Pilot Program Seeks to Transform Synagogue Schools

The Jewish Federation of Greater Philadelphia initiated and funded the two years of planning with partners Gratz College and Jewish Learning Venture to collectively develop a strategy for invigorating supplementary school education in Greater Philadelphia.

Good things are worth waiting for. All good things come to those who wait. You can’t hurry success.  Though these sayings extolling the virtues of patience may sound trite, they are true in the case of Havayah: A Jewish Community Experience.  After two years of research, this first-of-its-kind synagogue school curriculum for fifth-graders is being rolled out this fall.
The Jewish Federation of Greater Philadelphia initiated and funded the two years of planning with partners Gratz College and Jewish Learning Venture to collectively develop a strategy for invigorating supplementary school education in Greater Philadelphia.
“Supplementary school education is endemically challenging in Philadelphia and nationally,” said Rabbi Erin Hirsh, director of Gratz Advance. “It is in a rapid period of change. Schools are dramatically smaller than they were even just five years ago. As schools become smaller, resources become smaller. Collaboration is necessary to sustain dynamic Jewish learning environments for these kids.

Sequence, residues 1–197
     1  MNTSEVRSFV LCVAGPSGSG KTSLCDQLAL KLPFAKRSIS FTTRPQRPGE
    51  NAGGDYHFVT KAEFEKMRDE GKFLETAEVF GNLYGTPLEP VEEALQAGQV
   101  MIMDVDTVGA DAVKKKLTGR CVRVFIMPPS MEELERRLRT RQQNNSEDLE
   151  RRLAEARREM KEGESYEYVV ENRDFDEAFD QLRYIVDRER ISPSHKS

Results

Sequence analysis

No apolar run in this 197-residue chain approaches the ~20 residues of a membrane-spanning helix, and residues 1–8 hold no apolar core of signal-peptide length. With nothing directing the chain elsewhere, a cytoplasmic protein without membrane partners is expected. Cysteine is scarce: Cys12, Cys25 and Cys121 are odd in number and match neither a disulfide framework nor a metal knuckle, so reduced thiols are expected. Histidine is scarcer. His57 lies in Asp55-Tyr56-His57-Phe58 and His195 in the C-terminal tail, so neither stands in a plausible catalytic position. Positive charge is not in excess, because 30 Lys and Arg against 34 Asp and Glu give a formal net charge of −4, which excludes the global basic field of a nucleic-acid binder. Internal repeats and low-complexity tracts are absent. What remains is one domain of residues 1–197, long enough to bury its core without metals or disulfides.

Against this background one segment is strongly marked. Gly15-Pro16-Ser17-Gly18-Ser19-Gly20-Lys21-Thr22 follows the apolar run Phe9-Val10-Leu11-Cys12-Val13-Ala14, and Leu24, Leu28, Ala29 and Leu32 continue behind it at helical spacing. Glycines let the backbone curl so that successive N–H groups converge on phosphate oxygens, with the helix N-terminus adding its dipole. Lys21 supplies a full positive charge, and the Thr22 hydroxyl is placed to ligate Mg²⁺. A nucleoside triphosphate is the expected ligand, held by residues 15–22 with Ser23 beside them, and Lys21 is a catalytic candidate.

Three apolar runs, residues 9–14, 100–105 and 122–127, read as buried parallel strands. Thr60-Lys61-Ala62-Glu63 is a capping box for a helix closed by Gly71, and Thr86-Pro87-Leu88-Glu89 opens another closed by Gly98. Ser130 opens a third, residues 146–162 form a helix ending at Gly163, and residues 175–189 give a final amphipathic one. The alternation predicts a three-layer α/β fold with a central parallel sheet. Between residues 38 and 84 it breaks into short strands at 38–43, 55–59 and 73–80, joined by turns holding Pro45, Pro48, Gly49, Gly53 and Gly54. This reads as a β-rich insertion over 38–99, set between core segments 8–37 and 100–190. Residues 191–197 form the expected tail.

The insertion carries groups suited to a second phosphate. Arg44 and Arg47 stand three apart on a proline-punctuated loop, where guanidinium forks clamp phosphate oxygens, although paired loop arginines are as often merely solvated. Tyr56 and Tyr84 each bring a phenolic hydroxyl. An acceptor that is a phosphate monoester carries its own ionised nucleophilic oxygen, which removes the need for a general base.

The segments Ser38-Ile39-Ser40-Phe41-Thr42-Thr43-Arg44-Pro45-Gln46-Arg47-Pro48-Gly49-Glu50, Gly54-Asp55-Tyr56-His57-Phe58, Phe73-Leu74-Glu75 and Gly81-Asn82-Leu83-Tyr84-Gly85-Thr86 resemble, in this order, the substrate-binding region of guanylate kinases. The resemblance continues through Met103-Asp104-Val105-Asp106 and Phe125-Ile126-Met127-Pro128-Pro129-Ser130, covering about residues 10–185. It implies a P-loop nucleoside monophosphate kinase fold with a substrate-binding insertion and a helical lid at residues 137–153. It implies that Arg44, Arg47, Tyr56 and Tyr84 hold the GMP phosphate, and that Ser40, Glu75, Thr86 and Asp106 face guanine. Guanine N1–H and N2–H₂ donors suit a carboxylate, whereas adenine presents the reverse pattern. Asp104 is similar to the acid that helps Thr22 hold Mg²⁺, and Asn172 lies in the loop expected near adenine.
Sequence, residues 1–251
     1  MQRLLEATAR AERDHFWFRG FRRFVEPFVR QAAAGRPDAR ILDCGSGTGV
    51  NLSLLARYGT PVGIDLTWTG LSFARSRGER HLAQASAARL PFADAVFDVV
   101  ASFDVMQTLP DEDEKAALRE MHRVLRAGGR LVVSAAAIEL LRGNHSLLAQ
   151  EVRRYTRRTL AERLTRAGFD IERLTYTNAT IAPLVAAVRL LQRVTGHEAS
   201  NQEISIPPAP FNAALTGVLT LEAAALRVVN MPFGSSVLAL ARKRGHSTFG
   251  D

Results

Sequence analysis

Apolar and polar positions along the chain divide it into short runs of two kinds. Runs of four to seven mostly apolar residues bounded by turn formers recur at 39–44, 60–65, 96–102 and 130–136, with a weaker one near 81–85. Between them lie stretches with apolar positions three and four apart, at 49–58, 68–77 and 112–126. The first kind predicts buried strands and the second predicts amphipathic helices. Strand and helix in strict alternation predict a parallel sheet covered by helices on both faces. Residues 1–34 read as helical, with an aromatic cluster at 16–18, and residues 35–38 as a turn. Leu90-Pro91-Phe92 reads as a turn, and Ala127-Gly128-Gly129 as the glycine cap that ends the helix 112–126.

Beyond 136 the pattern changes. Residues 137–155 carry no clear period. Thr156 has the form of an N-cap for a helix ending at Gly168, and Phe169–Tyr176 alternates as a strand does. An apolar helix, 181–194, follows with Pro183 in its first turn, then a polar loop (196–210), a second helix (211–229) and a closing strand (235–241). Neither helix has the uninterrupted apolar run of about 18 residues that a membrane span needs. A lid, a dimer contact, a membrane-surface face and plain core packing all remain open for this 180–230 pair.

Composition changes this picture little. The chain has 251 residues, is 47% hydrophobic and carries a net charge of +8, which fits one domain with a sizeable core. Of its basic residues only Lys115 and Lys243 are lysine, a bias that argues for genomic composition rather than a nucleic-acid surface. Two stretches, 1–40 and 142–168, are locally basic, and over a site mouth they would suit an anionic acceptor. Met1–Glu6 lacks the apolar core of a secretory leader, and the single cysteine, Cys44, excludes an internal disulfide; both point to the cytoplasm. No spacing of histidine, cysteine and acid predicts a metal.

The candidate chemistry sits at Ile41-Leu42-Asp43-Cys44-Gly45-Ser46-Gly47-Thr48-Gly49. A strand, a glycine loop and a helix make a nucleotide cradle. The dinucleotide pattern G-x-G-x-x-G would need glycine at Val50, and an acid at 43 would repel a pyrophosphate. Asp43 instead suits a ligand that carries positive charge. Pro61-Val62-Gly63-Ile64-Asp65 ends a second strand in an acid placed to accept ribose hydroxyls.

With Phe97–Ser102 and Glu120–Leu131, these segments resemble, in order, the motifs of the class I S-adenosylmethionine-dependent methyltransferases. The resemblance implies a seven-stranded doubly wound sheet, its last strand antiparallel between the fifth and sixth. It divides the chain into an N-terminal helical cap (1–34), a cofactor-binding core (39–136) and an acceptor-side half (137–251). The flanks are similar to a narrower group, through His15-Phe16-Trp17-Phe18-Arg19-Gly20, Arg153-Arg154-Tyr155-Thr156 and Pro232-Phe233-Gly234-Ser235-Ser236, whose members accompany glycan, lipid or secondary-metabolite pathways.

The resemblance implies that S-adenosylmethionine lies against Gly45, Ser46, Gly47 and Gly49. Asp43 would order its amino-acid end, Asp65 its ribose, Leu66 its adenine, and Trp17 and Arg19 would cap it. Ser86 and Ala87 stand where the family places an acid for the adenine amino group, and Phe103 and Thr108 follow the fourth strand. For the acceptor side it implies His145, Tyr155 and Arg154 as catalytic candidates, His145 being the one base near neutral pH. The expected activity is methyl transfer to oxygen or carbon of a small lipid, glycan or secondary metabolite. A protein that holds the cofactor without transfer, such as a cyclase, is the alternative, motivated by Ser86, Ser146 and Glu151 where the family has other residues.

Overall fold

“Our group began working to determine what we needed to do differently from what was already being done,” continued Rabbi Hirsh.  “It was a unique opportunity to think about ‘what next?’ This was a very generous and innovative gift from the Jewish Federation. It is rare to have the opportunity to receive an investment in research without knowing the outcome.”
Staff from Gratz College and Jewish Learning Venture began studying a variety of successful supplementary school models and interviewing numerous people, but they realized key stakeholders — including students — were missing from their research. To address this, two summits were held in 2015. The first brought together 100 fifth- through 12th-graders from 25 different synagogues. The students talked about their school experiences, both what was working and what else they were looking for. Also during that summit, nearly 40 parents participated in a focus group. “People were so moved just to be asked about their children’s Jewish education,” said Barbara Hirsh, the Jewish Federation’s Director of Jewish Life and Learning. “They had never been asked what they thought before.”
The second summit convened synagogue and communal professionals, teachers and a handful of parents. “There was a lot of stakeholder input, and the planning model was in itself a form of engagement,” said Barbara Hirsh. “Not only has it raised the bar on how we do planning; it also has resulted in a very interesting curriculum model that centers on Jewish values.”
Havayah, Hebrew for “experience,” will roll out on Sept. 25 to fifth-graders from seven synagogues spanning various neighborhoods and movements: Adath Israel, Beth David Reform Congregation, Temple Beth Hillel – Beth El, Germantown Jewish Centre, Congregation Kol Emet, Main Line Reform Temple and Congregation Or Ami. Fifth grade was selected because “it’s the year many students may become cynical about supplementary school,” said Rabbi Hirsh. “It’s when school can begin to feel repetitive. Fifth-graders are also at an age where we can incorporate more self-directed learning before more intense studying begins for their B’nai Mitzvah.”